Artificially Conceiving a Bad Romantic Comedy

Indeed, the child is often the last thing the parent (or parents) thinks about. Many people have become comfortable with the idea of using and discarding embryos in stem-cell research, and, since abortion is legal, many don’t think child deserves protection until the moment he’s left the womb.

Despite all this, many still find something troubling when they hear, as we did this past June, that a number of women who attempt to conceive through IVF choose to abort the very baby they tried to conceive. When we protect babies that are wanted by their mothers, but don’t protect those who are unwanted by their mothers, what do we do when a mother can’t make up her mind?

It’s complicated. Or is it? There’s reason to believe that the thinking on the protection of embryos may be shifting. Just this week, a U.S. district court ruled against federal funds going toward stem-cell research “in which an embryo is destroyed.”

Yet, although artificial reproduction is a life-and-death issue, it is often painted in rosy hues, as a service to women helping make their dreams come true -- whether in embryo-donation ads, or in infertility-center ads, or in Celine Dion’s public statements, or in movies like The Switch and The Back-up Plan. The health risks are overlooked, partly out of desire to find a quick solution to infertility, and partly in the name of a philosophy that says a woman should be able to have a family however and whenever she wants.

In reality, artificial reproductive technology is no service to women; it’s not the quick and easy way to get pregnant that it’s promised to be, and it brings more hardships to infertile women along the way. Moreover, it doesn’t heal a woman’s infertility at all. As Dr. Anne Meilnik at the Gianna Center, a Catholic health-care center in New York, has said, it’s covering up the health problems that may be causing her infertility -- which can and should be treated -- by instead making a child with artificial technology.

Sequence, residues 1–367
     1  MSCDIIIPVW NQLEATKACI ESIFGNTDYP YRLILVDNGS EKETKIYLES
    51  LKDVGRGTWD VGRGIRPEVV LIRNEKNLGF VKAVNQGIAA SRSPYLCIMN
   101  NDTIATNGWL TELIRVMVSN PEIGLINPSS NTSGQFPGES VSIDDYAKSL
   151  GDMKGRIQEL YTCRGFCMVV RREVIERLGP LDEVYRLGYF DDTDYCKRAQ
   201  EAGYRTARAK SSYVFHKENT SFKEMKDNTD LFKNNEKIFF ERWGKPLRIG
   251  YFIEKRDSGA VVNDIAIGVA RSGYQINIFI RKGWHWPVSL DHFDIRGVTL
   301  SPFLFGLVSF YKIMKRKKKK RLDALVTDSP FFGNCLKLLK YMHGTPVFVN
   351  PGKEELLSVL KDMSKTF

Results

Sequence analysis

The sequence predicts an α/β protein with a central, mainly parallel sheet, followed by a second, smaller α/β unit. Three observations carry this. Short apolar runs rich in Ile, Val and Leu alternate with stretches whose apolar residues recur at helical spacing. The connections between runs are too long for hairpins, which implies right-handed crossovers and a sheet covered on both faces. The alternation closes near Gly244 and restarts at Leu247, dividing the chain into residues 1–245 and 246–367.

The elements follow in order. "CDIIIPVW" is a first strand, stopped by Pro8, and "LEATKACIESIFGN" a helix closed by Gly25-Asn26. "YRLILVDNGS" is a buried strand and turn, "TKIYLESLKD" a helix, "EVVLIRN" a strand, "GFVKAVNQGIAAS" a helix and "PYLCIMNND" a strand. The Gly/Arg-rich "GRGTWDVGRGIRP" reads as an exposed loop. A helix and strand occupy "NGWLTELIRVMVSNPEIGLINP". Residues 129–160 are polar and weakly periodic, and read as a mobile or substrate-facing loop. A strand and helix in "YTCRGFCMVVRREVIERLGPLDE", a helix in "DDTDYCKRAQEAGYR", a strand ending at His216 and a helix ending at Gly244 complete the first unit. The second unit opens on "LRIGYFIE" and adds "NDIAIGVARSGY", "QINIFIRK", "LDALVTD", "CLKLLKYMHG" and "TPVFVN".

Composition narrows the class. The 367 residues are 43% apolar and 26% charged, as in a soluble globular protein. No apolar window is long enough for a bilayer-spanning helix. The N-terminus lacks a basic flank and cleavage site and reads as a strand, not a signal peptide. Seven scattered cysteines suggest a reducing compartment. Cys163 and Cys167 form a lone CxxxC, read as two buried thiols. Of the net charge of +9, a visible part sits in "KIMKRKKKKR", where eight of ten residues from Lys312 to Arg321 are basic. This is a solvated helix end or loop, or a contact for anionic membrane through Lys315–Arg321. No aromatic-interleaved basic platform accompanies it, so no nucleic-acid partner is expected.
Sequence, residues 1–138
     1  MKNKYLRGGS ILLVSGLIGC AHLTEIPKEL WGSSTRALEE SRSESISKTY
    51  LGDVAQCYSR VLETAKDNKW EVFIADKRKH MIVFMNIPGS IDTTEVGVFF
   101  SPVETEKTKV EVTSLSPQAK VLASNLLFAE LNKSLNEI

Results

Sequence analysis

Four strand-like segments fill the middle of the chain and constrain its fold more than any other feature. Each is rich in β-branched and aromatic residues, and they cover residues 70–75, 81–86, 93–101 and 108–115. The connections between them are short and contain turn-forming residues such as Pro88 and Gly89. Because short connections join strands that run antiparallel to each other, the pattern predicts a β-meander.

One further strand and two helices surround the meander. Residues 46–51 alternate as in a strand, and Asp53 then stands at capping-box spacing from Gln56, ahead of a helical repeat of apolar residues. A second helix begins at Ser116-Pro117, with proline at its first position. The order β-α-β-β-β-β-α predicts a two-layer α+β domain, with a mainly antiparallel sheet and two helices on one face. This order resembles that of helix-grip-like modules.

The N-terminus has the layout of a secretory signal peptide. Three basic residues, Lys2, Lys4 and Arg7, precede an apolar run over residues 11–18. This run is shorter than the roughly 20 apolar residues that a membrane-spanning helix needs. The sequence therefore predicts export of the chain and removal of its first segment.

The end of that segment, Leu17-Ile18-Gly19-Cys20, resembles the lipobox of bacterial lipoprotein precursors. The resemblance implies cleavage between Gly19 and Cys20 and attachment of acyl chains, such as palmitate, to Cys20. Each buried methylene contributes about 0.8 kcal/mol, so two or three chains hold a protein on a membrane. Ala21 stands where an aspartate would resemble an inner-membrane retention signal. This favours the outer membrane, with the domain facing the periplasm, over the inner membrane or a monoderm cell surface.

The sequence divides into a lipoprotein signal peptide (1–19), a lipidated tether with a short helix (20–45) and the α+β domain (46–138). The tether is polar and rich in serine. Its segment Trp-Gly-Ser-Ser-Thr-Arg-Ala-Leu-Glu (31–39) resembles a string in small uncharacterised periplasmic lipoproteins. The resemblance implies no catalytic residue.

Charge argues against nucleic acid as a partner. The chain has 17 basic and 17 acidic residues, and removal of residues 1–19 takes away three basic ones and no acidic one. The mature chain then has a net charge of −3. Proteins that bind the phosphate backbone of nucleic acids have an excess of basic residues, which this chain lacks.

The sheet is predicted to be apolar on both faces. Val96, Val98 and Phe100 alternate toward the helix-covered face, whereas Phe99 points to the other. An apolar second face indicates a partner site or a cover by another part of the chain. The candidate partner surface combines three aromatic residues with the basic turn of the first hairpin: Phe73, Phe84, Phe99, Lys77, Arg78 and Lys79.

For women like the characters Aniston and Lopez play in these recent films, artificial reproductive technology allows them to cover up personal problems that have led to their being single at forty. Lopez’s confidante in The Back-up Plan called her to task saying, you got a sperm donor because “he’s the perfect boyfriend right? He’ll never let you down”; to which Lopez replied, “No, I got a sperm donor because I wanted a baby. I wanted a family.”

In The Switch, Aniston’s artificially conceived child longs for family too. He saves empty photograph frames with stock photos still in place, pretending the men pictured are the father, his uncle, and his grandpa that he doesn’t have. There’s just something about family that cannot be created artificially -- a sad truth these films giggle past. Even a child whose father dies before he is born has a real family in a way the artificially conceived child never will.

The Waiting City, a recent Australian film that tells the difficult story of a couple seeking to adopt a child overseas, depicts the trials of infertility much more realistically. It’s far from a romantic comedy. And there are some deep aspects of the human experience -- the realization of one’s aging, the desire for love and family, and the sorrow of lost time -- that it comes much closer to reaching.

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Mary Rose Somarriba is the managing editor of First Things, where this article first appeared.